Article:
Wide Load

There’s an interesting discussion thread going on at John Rickards forum these days, and oddly enough it has nothing to do with monkeys or dirty old ladies. The question is whether authors ever get bored of writing in the crime genre:

Not another carefully-constructed character piece about Lives Gone Horribly Wrong? Not another Life On The Skids gloomy crime story? Just once I wish I could write something about dinosaurs/a grocer’s shop in Walthamstow/the Boxer Rebellion.

It’s an interesting question because, almost without exception, every crime author I know reads widely in the genre and across several others. Whether it be graphic novels, literary fiction, non0fiction, romance, or time-traveling character studies of small inbred mammals, the influences and inspirations are broad. But of those same authors, I don’t know of many who write outside their genre very often.

Sarah and I were sort of talking about this the other day. Both of us were a bit sick of writing what we were writing and admitted that if market and publishing concerns weren’t a factor at all, we’d both probably be writing very different things. My desire to write the great America chick lit novel is widely known in these parts. But what does that have to do with genre boredom?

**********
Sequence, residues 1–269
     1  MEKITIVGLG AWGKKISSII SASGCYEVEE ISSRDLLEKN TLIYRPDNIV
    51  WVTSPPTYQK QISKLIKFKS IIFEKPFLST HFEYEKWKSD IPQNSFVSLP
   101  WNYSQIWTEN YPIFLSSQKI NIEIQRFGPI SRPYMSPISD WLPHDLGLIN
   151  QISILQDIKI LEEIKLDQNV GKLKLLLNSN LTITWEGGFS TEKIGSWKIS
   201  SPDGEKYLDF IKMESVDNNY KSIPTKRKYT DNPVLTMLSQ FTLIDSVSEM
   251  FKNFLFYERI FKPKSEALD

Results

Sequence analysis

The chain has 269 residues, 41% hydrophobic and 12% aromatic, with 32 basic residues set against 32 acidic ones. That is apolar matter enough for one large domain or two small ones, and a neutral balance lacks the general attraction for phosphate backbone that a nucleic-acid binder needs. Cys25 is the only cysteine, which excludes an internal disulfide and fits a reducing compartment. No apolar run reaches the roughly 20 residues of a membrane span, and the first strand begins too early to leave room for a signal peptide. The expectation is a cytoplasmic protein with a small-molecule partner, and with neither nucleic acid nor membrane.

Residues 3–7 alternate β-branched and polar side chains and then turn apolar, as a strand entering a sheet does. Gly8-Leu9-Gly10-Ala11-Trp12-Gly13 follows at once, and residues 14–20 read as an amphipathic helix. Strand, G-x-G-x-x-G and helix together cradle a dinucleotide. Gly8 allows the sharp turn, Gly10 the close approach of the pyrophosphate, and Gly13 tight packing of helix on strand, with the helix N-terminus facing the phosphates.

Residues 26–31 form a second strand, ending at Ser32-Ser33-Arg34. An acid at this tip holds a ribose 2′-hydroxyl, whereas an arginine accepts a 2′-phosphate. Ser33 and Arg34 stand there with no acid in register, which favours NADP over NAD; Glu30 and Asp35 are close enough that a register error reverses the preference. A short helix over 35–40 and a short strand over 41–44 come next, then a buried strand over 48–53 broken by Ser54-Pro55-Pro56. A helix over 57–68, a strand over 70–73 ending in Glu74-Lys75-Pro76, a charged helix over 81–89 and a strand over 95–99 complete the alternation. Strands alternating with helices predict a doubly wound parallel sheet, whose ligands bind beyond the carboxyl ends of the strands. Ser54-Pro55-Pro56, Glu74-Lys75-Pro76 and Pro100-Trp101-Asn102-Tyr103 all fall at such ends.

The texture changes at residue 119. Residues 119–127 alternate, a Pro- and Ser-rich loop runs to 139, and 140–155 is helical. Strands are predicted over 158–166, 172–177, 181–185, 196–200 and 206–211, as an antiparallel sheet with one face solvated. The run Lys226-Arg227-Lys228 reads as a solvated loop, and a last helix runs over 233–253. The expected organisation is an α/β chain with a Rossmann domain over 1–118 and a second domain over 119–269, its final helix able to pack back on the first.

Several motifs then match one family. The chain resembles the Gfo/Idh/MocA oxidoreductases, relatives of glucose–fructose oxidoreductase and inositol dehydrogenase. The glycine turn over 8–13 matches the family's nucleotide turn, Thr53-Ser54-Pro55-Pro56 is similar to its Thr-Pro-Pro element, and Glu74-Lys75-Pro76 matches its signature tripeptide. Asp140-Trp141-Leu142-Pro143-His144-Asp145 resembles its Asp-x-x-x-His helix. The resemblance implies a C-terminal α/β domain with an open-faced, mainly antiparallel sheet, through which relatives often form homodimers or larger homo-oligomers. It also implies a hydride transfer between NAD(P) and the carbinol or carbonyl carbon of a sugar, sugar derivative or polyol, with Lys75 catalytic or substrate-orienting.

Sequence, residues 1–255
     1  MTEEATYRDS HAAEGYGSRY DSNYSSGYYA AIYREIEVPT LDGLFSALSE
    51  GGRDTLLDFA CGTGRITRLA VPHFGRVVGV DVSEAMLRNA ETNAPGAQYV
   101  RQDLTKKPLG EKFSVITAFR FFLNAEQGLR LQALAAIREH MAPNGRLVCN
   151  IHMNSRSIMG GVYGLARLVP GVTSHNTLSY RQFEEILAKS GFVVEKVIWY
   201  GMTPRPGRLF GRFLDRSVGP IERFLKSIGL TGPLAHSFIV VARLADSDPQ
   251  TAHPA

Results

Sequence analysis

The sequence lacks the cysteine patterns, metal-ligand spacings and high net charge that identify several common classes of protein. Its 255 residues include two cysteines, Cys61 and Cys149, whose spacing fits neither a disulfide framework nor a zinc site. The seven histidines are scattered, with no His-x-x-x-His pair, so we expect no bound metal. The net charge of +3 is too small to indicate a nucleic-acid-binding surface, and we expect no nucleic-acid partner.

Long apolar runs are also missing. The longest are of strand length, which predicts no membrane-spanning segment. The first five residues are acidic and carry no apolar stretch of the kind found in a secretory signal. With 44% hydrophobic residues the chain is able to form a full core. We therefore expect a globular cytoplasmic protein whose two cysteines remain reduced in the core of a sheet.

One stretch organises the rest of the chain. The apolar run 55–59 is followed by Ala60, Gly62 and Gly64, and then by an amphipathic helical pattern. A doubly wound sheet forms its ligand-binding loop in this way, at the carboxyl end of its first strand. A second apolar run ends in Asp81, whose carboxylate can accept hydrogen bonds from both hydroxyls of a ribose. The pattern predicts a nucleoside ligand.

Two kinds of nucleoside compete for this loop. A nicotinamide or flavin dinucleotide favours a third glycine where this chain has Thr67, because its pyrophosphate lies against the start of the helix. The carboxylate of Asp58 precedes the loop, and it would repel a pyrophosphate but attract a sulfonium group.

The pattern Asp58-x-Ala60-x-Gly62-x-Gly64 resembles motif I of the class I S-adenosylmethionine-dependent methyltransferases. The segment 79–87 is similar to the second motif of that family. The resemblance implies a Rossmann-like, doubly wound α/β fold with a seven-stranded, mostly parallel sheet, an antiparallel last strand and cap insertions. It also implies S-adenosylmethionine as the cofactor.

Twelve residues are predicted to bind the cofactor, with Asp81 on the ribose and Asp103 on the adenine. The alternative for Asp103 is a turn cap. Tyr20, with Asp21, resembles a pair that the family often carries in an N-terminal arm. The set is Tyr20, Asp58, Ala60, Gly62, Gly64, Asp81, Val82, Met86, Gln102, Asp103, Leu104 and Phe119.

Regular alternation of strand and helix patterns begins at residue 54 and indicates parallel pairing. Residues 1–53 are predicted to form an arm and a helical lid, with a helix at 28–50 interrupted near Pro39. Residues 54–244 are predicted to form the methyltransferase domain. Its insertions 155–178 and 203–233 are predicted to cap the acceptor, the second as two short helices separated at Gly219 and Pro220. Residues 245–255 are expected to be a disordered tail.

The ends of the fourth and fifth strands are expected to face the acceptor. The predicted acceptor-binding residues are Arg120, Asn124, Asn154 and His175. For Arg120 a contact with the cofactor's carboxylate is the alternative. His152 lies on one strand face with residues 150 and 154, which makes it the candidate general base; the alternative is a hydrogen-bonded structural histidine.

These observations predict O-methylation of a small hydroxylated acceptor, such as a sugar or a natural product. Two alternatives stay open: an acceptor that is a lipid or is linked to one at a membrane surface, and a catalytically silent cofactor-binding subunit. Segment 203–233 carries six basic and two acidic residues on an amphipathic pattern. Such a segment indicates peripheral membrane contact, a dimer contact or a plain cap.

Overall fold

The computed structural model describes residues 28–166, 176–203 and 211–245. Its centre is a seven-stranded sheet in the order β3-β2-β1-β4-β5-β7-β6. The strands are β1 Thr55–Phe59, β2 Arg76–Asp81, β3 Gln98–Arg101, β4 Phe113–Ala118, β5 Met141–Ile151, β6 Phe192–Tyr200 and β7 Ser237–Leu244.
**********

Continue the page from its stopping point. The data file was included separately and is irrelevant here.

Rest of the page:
I have actually written quite a bit in the short form outside of genre. that’s mostly because I was in a university creative writing program that frowned suspisciously on anything with plots or guns or strippers. But I mentioned to Sarah that I think this is how genres are reinvented. I think authors take on forms and genres they might love to read and mix in their other inspirations. You mix your sci-fi interests and your romance interests and such and voila, a new sub-genre is born. Or you fail miserably because you can’t be categorized. Okay, maybe this theory needs further exploration.

So how do you all avoid boredom with the genre you’ve chosen?